Way back in the day – and I’m talking WAAAAAAAAY back in the day – I did a little work for the Canadian Baseball Hall of Fame and Museum when it was located at Ontario Place in what turned out to be an ill-fated plan to make it something big at the heart of Toronto’s tourist area at the time.
It was a lot of fun to be on the ground floor in even a tiny role because I thought it was an important endeavour. I was a point in my career where I wanted to try something different (not the greatest idea I’ve ever had, it didn’t last too long) so what the hell, right?
Anyway, the point is that I saw the induction list yesterday when Griff wrote about it and I marvelled at how far it’s come. It’s important history and it always deserved a home and a profile and it’s good that the Hall got it.
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I don’t think the charms of Almonte are quite the charms of a weekend outdoor induction event annually in St. Mary’s and maybe one sport doesn’t lend itself to the same historical reverence but it should.
I imagine there was some really hard slogging getting the baseball Hall from where it was to where it is and I imagine it’ll be doubly hard for the people who are now running the basketball shrine. But it’s worth it and I hope it all works out in the end.
Two other things:
The thing I was most proud of was going to a meeting of the Oxford Country council – I had an idea of what they were like from a spell of working in Woodstock – and selling the civic leaders on sponsoring a Hall display on the origins of the game in Canada. I have no real recollection of how much money I got out of them, it certainly wasn’t a lot but it was fun to do.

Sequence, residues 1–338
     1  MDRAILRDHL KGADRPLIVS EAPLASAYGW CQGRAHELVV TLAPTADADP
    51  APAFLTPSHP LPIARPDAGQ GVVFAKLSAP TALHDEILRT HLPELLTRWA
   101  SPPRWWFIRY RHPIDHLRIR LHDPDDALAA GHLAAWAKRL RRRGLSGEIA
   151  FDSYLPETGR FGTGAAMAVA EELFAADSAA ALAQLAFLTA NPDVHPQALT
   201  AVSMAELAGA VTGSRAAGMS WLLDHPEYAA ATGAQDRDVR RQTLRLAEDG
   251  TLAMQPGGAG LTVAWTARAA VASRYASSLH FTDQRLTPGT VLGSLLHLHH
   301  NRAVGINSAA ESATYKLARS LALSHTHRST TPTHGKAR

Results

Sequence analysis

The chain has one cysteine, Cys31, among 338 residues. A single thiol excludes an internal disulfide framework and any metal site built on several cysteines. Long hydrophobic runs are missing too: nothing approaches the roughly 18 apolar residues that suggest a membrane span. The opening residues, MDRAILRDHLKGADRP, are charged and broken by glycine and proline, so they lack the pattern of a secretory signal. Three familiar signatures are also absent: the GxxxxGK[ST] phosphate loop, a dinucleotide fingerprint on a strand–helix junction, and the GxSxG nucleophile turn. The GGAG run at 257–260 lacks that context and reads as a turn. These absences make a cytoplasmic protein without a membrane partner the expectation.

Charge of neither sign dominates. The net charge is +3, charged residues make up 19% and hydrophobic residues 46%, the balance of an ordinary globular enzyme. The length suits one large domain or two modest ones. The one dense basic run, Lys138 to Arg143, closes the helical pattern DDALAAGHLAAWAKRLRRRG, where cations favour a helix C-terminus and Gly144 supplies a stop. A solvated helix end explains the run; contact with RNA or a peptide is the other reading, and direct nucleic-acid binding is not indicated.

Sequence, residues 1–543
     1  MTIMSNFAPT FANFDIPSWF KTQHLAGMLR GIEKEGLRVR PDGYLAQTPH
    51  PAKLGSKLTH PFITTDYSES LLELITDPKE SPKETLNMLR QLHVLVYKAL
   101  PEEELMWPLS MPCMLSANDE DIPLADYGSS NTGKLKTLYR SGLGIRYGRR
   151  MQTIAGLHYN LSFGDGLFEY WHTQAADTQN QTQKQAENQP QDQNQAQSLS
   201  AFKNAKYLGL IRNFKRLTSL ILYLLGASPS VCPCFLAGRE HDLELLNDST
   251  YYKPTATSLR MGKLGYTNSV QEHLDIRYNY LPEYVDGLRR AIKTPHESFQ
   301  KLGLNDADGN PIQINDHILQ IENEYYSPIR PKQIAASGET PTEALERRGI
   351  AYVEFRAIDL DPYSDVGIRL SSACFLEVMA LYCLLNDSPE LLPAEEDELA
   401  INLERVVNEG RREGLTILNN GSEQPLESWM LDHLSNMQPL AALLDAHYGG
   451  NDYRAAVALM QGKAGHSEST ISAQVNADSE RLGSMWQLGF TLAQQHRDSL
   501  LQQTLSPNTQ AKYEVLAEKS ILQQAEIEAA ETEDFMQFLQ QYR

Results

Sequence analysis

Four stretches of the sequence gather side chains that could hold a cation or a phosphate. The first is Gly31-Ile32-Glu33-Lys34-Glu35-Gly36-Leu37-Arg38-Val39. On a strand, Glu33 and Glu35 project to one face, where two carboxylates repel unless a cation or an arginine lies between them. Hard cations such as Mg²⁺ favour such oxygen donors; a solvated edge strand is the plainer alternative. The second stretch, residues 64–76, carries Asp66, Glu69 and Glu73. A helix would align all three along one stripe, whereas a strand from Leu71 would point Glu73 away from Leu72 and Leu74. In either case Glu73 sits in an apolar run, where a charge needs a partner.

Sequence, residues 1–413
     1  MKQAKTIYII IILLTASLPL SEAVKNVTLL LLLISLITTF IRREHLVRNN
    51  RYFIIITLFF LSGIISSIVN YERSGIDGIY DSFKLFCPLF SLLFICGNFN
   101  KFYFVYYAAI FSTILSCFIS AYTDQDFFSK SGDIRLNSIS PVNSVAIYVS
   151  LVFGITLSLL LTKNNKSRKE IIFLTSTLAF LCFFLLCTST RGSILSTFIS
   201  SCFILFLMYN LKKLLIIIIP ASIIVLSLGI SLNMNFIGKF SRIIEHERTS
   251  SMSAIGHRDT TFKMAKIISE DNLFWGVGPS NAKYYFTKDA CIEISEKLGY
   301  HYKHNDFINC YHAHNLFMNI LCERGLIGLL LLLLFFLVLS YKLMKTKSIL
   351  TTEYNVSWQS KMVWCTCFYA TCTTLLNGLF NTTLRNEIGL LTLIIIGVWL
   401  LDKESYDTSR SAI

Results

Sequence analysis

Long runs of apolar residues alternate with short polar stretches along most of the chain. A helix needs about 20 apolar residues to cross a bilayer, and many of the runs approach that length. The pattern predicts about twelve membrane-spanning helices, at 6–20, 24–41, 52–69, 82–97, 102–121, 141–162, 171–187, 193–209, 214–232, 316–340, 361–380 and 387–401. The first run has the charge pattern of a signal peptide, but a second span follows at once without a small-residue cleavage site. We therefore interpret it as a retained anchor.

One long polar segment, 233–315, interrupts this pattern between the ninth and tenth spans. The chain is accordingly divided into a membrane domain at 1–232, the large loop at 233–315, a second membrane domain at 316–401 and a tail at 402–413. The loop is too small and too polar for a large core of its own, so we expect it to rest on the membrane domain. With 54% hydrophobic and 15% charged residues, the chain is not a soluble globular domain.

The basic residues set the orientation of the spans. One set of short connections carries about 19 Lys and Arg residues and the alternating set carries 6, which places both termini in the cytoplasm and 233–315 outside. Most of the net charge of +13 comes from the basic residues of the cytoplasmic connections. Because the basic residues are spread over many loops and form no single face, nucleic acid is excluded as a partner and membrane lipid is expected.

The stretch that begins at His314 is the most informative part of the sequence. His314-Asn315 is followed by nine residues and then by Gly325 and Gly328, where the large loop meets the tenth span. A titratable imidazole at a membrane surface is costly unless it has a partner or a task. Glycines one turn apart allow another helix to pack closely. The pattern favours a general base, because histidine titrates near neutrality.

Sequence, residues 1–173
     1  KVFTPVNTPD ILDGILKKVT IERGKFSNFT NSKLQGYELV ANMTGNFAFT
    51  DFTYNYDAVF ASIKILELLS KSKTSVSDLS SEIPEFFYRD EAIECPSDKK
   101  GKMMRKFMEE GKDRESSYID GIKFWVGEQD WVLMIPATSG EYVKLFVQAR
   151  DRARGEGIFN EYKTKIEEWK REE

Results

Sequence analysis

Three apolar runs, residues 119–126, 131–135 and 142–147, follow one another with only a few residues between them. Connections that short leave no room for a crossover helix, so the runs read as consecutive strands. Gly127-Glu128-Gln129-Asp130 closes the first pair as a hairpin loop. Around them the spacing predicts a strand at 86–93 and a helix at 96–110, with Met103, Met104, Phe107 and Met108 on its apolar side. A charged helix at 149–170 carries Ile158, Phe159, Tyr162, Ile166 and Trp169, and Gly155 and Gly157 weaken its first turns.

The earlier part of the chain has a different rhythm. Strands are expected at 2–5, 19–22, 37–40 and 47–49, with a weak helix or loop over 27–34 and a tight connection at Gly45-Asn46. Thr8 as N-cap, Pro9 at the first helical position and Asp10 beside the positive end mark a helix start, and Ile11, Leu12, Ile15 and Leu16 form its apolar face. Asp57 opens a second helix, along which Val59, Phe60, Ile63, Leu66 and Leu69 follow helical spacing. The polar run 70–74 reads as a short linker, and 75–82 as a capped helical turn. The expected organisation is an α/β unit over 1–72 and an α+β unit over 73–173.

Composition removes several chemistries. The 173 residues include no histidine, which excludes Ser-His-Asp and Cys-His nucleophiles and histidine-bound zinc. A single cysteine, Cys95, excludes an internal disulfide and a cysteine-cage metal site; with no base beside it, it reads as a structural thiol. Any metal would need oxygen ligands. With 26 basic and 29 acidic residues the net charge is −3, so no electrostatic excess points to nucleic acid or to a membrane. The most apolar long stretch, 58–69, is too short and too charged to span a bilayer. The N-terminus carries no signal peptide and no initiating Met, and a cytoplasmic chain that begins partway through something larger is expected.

And, as I mentioned, the Hall was at Ontario Place and to this day one of the craziest scenes I’ve ever seen was looking at tens of thousands of screaming fans fighting to find a spot to see a band one afternoon. It was a zoo.
Never seen anything like it before.
Ah, the good old days.
Today’s the day the music died.
And it’ll be heads. Always pick heads.
Quiet day for the Raptors to regroup after the tough, draining back-to-back of Tuesday-Wednesday (The 25 C sunshine weather here made it a nice day to have off) and I’m sure they welcomed the time away.
I have no idea what I’ll write for an early story without being able to speak to anyone today (it has to be filed long before the pre-game availability period) but not having to go anywhere makes the morning a bit better.
And, yeah, they do actually do a walkthrough in a hotel ballroom, even without baskets. They tape off a court, or at least key parts of a court, go through the scouting report on what the other team does and work off that. They get up their shots pre-game in the arena, they use a walkthrough to go over Orlando’s stuff.
We know that pro sports in North America is basically a 12-months-a-year thing these days, seasons go too long, the playoffs never end, games morph into free agency and drafts and, really, you might get one quiet month in a season.
The reaction I get when people ask me what I do in the off-season and I explain that there’s basically no off-season (August might be slow if there’s no Olympics or world championships) is funny; once I explain that the finals go to late June, the draft is about a week later, the free agency period starts a week or so after that and then players start coming back in September they get it but it takes some explaining.
And I don’t think that’s a good thing, either. There should be a nice long break for every pro season so everyone can catch their breath.